About the Book:
Life in Winnie's sleepy town of Coward Creek, Texas, is just fine for her. Although her troubled mother's distant behavior has always worried Winnie, she's plenty busy caring for her younger sisters, going to school, playing chess with Mr. Levy, and avoiding her testy grandmother. Plus, her sweetheart Nolan is always there to make her smile when she's feeling low. But when the Spanish Influenza claims its first victim, lives are suddenly at stake, and Winnie has never felt so helpless. She must find a way to save the people she loves most, even if doing so means putting her own life at risk.
About the Author:
Jenny Moss is a former NASA engineer. She earned a master's degree in literature and taught writing as an adjunct at University of Houston-Clear Lake. She lives with her two teenagers in Houston, Texas. Welcome to the Oakenwyld, Jenny!
When did you first get the idea for WINNIE'S WAR? How long did it take you to get the book to the point where a publisher was ready to buy it?
In March 2005, I wrote Winnie's first words: Her grave was well-tended because I tended it. That sentence didn't make into the final manuscript, but it did help me establish Winnie's voice. Over the next two and a half years, I wrote two books, Winnie's War, and a fantasy coming out with Scholastic in 2010.
What drew you to the idea of writing about the Spanish Flu epidemic of 1918? Do you have any kind of family connection or other personal link to this incident in history?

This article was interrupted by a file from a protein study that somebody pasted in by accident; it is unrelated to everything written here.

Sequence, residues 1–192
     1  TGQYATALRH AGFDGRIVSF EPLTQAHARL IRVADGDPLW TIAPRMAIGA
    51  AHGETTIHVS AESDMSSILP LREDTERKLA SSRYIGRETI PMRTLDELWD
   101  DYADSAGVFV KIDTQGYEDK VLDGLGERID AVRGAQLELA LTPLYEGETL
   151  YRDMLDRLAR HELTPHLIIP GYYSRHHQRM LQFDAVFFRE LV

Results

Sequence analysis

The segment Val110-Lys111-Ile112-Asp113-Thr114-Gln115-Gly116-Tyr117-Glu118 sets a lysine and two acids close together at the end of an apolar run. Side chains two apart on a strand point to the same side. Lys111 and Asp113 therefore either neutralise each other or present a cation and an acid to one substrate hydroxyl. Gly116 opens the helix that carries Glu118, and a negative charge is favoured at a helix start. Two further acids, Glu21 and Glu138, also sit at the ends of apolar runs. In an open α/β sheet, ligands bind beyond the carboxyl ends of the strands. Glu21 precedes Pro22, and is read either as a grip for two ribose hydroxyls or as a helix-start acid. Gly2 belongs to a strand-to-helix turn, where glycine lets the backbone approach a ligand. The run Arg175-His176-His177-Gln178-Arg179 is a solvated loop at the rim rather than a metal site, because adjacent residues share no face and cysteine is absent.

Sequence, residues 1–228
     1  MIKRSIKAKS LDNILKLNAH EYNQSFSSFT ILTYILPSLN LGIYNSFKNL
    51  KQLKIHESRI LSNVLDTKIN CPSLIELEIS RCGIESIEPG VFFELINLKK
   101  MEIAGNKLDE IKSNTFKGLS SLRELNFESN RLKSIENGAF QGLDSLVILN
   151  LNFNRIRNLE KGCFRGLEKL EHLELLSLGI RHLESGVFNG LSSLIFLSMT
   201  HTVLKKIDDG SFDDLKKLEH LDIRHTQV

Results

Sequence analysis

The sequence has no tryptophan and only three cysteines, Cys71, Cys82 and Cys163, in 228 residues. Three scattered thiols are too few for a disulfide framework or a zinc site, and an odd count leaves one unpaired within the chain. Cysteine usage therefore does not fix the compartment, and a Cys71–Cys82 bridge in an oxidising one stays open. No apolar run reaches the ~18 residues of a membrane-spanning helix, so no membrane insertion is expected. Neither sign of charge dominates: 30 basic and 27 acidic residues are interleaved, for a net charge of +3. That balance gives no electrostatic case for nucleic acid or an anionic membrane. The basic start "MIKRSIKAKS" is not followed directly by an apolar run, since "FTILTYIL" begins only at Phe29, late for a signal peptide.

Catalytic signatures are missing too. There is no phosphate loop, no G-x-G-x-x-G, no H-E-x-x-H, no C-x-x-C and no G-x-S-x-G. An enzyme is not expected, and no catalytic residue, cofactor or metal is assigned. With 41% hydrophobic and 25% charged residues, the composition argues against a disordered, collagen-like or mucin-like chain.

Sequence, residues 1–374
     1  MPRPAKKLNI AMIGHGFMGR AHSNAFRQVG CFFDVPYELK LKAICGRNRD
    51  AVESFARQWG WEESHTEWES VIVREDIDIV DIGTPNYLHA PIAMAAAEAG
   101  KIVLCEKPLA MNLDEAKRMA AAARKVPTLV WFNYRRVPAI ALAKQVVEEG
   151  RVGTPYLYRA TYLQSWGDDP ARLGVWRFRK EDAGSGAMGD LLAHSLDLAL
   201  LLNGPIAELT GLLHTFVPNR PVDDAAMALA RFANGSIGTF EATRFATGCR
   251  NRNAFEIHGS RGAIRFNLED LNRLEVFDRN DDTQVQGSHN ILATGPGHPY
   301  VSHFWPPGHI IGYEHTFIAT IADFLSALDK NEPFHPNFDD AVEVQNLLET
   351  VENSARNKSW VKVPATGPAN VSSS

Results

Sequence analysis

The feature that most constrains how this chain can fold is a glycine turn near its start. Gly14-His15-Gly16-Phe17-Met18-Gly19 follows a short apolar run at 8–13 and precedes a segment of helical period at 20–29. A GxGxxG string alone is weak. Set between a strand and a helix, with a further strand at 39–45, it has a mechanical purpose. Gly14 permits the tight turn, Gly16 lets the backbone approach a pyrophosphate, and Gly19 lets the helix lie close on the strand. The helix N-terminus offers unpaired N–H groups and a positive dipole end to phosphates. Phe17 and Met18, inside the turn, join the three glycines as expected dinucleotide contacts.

Newspaper stories coming out during the bird flu scares mentioned the 1918 influenza pandemic. That drew me in. I wanted to know more.
You must have had to do a lot of research for this book. Do you enjoy research? How do you go about it?
It's such a thrill to find some obscure fact after hours of researching. Looking through dusty files in the backroom of a library, wandering through old cemeteries, visiting living history museums, talking to people about their pasts -- it's all very intriguing to me.
Can you tell us about something interesting you learned in the course of writing WINNIE'S WAR that didn't make it into the book?
One thing I continued to read about, even though I knew I wouldn't be using it in the novel, was a medical adventure: scientists' search -- years later -- for a strain of the 1918 influenza virus. I'd recommend Gina Kolata's Flu for anyone who's interested in that fascinating story.
What's your next writing project? Tell us a little about it.
I'm working on multiple projects, again. I didn't think I'd take to parallel writing, but that's been my method lately! I'm writing a YA fantasy that is due to my Scholastic editor soon, a YA novel set in the Seventies about two teens skipping school to see a Bob Dylan concert in Austin, a sequel to my fantasy, and something I'm not talking about yet but having a blast writing.
Thanks for joining us, Jenny!
Thank you! Fun questions!
And now for a personal recommendation -- I had the privilege of reading Winnie's War a few months ago. It's a beautifully written, moving and engrossing book with real and engaging characters, and I would gladly recommend it to any young reader who is interested in the time period or just enjoys historical novels in general.